The bond market is closed in observance of Columbus Day. While mortgage-backed securities are not being traded today, several lenders have published rate sheets and many originators are still dont be afraid to contact your loan officer!

Last week ended on a sour note as prices of mortgage backed securities fell precipitously. Losses continued all the way into the close which forced lenders to reissue higher mortgage rates by day's end. We do have some potentially market moving data  being released this week which could help slow the pace of rising mortgage rates. 

The calendar kicks off on Wednesday with Retail Sales numbers.   Retail Sales data measures the total receipts at stores for both durable and non durable goods.   An increasing trend is positive for the economy and stocks as higher sales leads to higher corporate profits.  Economists surveyed expect overall sales to registers a 2.1% decline following last month’s 2.7% increase.   When excluding auto sales from the figures, expectations are for a modest 0.3% increase after last month’s 1.1% increase.   Additionally, on Wendesday the minutes from the September 23rd FOMC meeting will be released.  Market participants will scour the minutes for any hint at future monetary policy and the Fed’s outlook on the economy.

On Thursday we get a read on inflation with the Consumer Price Index.   This data is a measure of the average price level of a fixed basket of goods and services purchased by consumers. Recent data on inflation shows it to under control, this week's report is expected to continue that trend.  We also get two readings on the strength of business conditions with the Philly Fed index and the Empire State Manufacturing Survey.  Recent readings of both of these reports have shown conditions improving which is positive for stocks and negative for MBS.   Lastly, weekly jobless claims will be released. Market participants will be looking for continued improvements in the labor market.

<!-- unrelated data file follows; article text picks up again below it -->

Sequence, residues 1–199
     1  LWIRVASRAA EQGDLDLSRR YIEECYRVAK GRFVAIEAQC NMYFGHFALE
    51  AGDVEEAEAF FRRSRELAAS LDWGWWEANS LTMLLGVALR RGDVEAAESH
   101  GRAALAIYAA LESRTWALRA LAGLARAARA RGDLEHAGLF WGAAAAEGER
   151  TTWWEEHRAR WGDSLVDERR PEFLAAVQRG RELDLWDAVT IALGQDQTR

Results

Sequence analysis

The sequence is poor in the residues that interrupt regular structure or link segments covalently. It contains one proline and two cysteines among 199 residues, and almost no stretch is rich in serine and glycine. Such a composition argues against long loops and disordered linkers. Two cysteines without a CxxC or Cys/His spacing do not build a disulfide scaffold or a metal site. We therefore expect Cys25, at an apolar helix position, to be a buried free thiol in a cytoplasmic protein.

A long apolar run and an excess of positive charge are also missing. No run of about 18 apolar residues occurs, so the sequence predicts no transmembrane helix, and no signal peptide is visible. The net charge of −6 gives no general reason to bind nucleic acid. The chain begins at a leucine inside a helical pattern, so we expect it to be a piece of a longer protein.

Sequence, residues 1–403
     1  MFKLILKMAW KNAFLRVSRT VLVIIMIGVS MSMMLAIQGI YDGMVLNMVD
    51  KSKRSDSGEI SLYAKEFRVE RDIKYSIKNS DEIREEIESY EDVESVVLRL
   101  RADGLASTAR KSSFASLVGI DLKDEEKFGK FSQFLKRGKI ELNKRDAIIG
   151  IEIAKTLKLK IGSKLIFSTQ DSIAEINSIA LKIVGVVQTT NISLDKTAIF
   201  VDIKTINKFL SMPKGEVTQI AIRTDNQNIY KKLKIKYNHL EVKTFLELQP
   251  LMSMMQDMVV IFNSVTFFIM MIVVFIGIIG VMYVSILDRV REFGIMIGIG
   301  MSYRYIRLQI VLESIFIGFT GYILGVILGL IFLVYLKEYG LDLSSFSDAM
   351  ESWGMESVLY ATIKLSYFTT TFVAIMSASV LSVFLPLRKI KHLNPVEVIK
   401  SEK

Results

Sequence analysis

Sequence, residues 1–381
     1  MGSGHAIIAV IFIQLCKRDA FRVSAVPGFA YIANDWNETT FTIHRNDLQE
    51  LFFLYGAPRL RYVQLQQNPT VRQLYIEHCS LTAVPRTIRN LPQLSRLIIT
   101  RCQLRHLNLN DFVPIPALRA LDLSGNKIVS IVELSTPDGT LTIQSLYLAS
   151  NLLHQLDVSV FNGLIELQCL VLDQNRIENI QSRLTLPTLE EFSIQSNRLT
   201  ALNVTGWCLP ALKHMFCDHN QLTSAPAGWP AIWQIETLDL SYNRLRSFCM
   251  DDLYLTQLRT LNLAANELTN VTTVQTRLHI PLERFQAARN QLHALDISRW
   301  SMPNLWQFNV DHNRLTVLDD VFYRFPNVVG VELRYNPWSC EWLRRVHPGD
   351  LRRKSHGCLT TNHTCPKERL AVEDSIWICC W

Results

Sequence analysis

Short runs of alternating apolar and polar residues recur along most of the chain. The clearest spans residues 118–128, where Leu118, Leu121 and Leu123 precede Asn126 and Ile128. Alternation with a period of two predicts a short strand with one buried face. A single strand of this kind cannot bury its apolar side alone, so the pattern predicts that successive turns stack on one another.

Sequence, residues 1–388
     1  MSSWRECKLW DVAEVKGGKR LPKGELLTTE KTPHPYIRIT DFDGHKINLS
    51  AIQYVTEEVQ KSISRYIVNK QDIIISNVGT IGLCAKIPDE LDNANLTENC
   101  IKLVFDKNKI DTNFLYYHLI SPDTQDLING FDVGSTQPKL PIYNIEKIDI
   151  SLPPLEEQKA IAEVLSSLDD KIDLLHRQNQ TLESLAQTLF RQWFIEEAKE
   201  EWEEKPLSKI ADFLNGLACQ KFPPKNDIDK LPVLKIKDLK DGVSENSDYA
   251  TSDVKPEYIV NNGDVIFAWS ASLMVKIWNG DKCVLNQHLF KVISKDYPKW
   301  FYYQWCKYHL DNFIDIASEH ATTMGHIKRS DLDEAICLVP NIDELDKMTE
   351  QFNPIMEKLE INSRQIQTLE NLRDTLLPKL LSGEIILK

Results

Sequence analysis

Our week concludes with Consumer Sentiment and Industrial Production.    Recent sentiment surveys have shown the U.S. consumer becoming more positive on their own personal financial conditions and their outlook on the economy.  An optimistic consumer is more likely to spend while a pessimistic consumer is more likely to save. Economists’ surveyed are expecting this report to continue to show growing optimism among consumers.  Industrial production is expected to post a 0.2% increase following last month’s robust 0.8% increase.   Companies increase production when they expect increasing sales so the stock market likes to see an increasing trend in this report. 

Lastly, earnings season picks up in the days ahead which could affect the direction of mortgage rates. Read the MND STORY for more on the Week Ahead.

Reports from fellow mortgage professionals indicate the lenders who decided to publish rate sheets today have done so in a conservative manner. The par 30 year conventional rate mortgage is in the 4.875% to 5.125% range for the best qualified consumers.   To secure a par interest rate you must have a FICO credit score of 740 or higher, a loan to value at 80% or less and pay all closing costs including one point loan origination/discount/broker fee.